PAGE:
National Assembly of Burkina Faso
|4th National Assembly|
MPP: 55 seats
UPC: 33 seats
CDP: 18 seats
UNIR / PS: 5 seats
ADF–RDA: 3 seats
NTD: 3 seats
PRN: 2 seats
NAFA: 2 seats
FA: 1 seat
ODT: 1 seat
PDS/Metba: 1 seat
RDS: 1 seat
UBN: 1 seat
MDA: 1 seat
|Parliament Building, Ouagadougou|
|This article is part of a series on the
politics and government of
The unicameral National Assembly is the Burkina Faso's legislative body. In 1995, it became the lower house of a bicameral Parliament, but the upper house (Chamber of Representatives) was abolished in 2002. The upper house was to have been restored under the name "Senate" in the June 2012 constitutional amendments. This revision was never executed due to an extended and unresolved political confrontation over the Senate's establishment, which left the country effectively with a unicameral legislature as of the October 2014 constitutional crisis.
On 30 October 2014, as part of the 2014 Burkinabé uprising, protesters stormed the parliament building and set fire to it, in anger at the Parliament's decision to amend the Constitution of Burkina Faso to abolish term limits, which would have effectively paved the way for President Blaise Compaoré to remain in office for another five-year term.
Electing the National Assembly
Burkina Faso is divided into 45 electoral provinces within their 13 regions. Each province elects between two and nine representatives, and these representatives are members of political parties. There are 111 members of the National Assembly elected to represent provinces, and 16 nationally elected, totaling 127.
In Burkina Faso, the National Assembly is elected by a proportional representational system. Proportional representation in Burkina Faso means that each person marks one party on the ballot, and after tallying the votes, the top parties chosen are elected to the Assembly. Each electoral province has a simple electoral quotient. This is the number of valid votes counted divided by the number of seats available. If a party wins a seat by the electoral quotient, usually half of the votes, then the remainder of the seats are transferred to a "rest" category, which are compared to the other votes gathered. For example, in the province of Boulkiemde, the MPP received 29,445 votes, which is 35.1% of the total votes of the province. Boulkiemde elects four representatives to their legislature, so their electoral quotient is 21002 votes (84007÷4). This means that the MPP will receive one seat from the electoral quotient. The remaining votes are transferred to another category, which is compared among the other candidates. These remaining votes in Boulkiemde won the MPP another seat in the legislature, since the remaining votes (8443) are the second highest compared to the rest of the parties (CDP=16968, UPC=8099). Thus, since the MPP received 35.1% of the votes, they received 50% of the seats due to the electoral quotient.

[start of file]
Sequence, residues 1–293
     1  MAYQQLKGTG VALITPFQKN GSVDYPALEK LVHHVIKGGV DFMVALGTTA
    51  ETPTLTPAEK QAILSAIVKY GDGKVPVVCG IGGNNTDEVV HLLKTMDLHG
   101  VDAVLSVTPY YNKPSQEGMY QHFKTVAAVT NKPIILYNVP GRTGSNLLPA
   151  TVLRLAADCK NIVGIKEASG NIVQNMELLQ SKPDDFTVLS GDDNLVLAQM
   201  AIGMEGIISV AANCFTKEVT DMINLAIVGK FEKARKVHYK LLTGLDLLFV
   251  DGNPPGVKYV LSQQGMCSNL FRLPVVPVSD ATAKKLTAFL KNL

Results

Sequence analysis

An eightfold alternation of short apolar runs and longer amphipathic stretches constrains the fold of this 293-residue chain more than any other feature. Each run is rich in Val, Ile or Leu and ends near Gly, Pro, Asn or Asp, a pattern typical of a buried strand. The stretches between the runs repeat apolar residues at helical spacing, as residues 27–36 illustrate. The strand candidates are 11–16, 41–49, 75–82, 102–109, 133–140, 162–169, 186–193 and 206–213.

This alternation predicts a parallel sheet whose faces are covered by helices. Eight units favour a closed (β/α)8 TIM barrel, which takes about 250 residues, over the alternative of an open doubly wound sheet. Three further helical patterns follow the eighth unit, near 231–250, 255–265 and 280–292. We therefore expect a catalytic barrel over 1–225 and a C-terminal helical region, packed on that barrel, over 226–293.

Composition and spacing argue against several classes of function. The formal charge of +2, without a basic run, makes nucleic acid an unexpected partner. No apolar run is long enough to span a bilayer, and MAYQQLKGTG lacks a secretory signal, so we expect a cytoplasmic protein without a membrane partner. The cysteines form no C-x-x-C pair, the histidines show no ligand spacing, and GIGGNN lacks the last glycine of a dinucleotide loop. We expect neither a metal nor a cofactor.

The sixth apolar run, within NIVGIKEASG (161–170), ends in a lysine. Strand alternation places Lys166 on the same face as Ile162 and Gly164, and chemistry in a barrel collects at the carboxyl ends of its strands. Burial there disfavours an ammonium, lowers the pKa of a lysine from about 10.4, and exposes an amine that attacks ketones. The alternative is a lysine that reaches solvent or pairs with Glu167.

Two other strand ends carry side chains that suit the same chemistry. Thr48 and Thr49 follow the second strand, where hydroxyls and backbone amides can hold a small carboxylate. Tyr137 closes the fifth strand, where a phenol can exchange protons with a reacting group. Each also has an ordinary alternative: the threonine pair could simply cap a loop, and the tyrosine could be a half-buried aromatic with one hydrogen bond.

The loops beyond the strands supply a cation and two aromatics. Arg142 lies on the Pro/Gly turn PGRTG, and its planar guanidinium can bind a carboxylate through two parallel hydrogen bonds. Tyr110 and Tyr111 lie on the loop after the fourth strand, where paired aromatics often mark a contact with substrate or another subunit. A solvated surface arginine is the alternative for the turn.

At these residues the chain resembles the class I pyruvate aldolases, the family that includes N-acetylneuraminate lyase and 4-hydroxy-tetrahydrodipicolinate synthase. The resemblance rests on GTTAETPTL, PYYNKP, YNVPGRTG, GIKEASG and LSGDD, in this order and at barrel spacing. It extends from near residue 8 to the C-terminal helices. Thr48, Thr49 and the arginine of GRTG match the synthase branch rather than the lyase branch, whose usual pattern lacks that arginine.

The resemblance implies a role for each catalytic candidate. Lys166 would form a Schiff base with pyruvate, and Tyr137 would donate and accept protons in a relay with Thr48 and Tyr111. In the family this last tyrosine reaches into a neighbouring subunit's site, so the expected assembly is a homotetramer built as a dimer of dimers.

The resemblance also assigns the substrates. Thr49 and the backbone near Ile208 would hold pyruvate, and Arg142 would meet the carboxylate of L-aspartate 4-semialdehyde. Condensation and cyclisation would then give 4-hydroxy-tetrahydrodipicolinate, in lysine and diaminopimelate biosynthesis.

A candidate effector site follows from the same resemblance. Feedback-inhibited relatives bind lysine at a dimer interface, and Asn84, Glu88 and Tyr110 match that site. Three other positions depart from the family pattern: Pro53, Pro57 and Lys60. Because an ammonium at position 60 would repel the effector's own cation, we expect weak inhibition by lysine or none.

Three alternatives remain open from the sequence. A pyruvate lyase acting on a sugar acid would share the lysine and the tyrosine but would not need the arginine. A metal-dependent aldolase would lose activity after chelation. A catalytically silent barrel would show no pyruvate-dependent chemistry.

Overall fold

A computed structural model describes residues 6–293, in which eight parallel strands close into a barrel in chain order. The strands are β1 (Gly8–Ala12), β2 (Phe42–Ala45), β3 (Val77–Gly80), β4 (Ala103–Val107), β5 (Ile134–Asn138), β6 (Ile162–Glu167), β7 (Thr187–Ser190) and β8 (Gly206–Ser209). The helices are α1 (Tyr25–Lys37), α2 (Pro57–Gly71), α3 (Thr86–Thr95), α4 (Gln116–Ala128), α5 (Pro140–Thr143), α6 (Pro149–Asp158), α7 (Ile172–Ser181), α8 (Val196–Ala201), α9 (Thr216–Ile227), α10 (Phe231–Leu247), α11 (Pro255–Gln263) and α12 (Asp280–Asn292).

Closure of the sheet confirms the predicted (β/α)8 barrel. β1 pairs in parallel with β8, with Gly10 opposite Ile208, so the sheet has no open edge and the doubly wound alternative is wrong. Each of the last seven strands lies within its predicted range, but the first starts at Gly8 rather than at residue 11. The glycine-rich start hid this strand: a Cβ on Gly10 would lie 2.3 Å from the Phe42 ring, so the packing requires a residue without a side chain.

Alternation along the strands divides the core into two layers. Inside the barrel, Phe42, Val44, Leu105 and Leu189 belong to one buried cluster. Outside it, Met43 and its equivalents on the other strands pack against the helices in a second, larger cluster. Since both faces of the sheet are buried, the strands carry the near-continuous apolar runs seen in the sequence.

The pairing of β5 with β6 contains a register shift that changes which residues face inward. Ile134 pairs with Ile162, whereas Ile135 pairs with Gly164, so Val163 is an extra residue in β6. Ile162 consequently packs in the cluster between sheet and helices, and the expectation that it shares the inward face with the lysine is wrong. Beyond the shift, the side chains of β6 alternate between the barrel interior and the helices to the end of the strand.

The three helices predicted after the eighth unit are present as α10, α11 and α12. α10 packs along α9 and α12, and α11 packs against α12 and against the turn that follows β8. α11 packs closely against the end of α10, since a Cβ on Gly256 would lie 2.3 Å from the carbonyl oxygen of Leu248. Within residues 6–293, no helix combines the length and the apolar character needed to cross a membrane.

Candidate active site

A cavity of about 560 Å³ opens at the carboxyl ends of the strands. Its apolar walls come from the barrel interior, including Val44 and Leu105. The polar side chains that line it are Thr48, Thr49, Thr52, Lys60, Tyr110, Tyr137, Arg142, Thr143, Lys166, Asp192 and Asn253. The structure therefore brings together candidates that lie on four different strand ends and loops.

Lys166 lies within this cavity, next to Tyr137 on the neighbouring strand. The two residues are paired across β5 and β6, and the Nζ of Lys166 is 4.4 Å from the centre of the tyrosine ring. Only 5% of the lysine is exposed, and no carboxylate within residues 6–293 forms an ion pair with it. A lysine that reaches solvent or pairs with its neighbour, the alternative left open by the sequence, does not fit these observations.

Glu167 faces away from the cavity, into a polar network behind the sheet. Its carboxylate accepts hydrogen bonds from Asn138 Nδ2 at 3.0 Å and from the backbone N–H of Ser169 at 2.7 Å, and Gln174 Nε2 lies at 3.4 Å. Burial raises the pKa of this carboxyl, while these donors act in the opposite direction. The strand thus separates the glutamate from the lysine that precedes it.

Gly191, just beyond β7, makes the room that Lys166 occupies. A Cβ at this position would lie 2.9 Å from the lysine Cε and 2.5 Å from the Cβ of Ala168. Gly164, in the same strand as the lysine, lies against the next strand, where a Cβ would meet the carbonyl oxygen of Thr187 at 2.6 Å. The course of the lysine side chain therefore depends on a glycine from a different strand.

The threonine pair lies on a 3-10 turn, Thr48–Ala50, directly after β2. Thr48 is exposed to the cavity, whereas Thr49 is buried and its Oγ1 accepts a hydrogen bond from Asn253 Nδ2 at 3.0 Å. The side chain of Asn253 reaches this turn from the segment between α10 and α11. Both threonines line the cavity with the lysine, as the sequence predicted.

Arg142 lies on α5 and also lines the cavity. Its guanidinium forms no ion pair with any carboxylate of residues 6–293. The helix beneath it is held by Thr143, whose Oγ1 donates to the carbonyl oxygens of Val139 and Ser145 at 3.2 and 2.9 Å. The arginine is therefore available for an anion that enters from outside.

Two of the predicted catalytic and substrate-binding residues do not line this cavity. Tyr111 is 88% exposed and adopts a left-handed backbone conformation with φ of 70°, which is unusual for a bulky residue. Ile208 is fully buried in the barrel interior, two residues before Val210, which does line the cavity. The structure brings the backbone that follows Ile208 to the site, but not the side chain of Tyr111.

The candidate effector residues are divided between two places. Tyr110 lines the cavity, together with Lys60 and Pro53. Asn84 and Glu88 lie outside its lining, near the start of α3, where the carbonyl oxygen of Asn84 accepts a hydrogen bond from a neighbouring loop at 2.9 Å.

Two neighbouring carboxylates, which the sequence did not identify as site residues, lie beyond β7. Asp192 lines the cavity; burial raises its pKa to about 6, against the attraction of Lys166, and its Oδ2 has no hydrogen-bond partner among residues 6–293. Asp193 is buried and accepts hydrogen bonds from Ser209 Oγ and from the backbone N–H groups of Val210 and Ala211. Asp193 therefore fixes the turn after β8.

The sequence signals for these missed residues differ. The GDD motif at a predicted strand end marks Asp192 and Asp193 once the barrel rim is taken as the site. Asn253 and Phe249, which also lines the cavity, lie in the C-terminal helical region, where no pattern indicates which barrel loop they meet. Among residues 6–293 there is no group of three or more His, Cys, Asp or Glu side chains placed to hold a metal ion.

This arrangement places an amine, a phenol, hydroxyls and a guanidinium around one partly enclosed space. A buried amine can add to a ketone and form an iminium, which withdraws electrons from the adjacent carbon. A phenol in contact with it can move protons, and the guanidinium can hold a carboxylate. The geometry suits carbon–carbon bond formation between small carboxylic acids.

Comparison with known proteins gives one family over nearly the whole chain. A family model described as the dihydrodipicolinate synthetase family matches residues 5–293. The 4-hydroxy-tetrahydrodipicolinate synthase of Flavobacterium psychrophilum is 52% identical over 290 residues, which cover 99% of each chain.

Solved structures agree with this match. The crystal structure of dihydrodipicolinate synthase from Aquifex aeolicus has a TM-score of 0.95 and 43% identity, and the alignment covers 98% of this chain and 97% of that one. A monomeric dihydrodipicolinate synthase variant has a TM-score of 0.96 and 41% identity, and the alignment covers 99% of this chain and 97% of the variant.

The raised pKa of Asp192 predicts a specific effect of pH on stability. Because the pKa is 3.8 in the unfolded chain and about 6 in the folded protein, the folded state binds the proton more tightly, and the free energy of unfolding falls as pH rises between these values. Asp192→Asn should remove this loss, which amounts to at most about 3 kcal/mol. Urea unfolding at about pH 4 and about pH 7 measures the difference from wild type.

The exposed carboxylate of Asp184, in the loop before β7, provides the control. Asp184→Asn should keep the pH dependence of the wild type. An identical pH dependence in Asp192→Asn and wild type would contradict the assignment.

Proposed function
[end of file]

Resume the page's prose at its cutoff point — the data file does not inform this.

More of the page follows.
Elections are led by teachers in Burkina Faso so they are not a member of any political party. The ballot has ballot has a name, acronym, or symbol of the party and a space for voters to mark. The ballots are placed in envelopes, and then placed in ballot boxes. The leader of the election officials ensures that the seal is not broken before counting all of the votes. The teachers who are trained as election officials become counting officials. Invalid ballots include those that have no marks, more than one mark, or ballots not in an envelope. The ballots are sent to the district level after counting them, where the winner of a legislative seat will be determined based on the number of votes. The districts are divided by one seat per 100,000 people, so the capital, Ouagadougou, has nine seats.
2015 National Assembly elections
In the 2015 parliamentary election, the People’s Movement for Progress party received 51.3% of the national vote, winning 55 seats. The Union for Progress and Change, or UPC, received 20.5% of the vote, which won them 33 seats. The Congress for Democracy and Progress party won 18 seats with 13.2% of the vote, and the New Alliance of Faso party received two seats, with 4.1% of the vote.
Results by electoral province: 111 seats
|Electoral province||Total votes||Seats||Party||Votes||Proportion of vote||Party||Votes||Proportion of vote||Party||Votes||Proportion of vote||Party||Votes||Proportion of vote|
|Kadiogo||617782||9||MPP (3)||213179||0.345072||UPC (2)||150492||0.2436||UNIR/PS||38896||0.062961||CDP||56143||0.090878|
National results: 16 seats
|Political party||Number of votes||Number of seats||Proportion of vote|
- List of Presidents of the National Assembly of Burkina Faso
- History of Burkina Faso
- Politics of Burkina Faso
- List of legislatures by country
- Legislative Branch
- Kere, Barthélemy. "Constitution of Burkina Faso - WIPO (français)" (PDF). WIPO.int. WIPO. Retrieved 1 November 2014.
- Coulibaly, Nadoun. "Burkina Faso : vers un référendum constitutionnel pour Blaise Compaoré?". Groupe Jeune Afrique. Jeune Afrique. Retrieved 1 November 2014.
- Taoko, Herve; Cowell, Alan; Callimachi, Rukmini (30 October 2014). "Violent Protests Topple Government in Burkina Faso". New York Times Company. New York Times. Retrieved 30 October 2014.
- "Sahel Research Group | Burkina Faso". sahelresearch.africa.ufl.edu. Retrieved 2016-05-03.
- "ELECTIONS LEGISLATIVES A CIRCONSCRIPTION PROVINCIALE" (PDF). Ceni.gov. CENI. December 1, 2015. Retrieved May 2, 2016.
- "Electoral Systems Counting Requirements —". aceproject.org. Retrieved 2016-05-03.
- "IFES Election Guide - Elections: Parliament". www.electionguide.org. Retrieved 2016-05-03.
- (French) Assemblée Nationale du Burkina Faso (no website exists under .bf subdomain)